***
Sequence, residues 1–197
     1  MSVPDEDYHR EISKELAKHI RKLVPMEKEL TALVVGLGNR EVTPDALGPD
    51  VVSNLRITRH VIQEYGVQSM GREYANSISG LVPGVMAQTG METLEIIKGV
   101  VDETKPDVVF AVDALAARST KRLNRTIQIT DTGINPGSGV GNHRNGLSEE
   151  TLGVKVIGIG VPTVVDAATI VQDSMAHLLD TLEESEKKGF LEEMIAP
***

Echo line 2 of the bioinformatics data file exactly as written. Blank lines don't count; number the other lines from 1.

     1  MSVPDEDYHR EISKELAKHI RKLVPMEKEL TALVVGLGNR EVTPDALGPD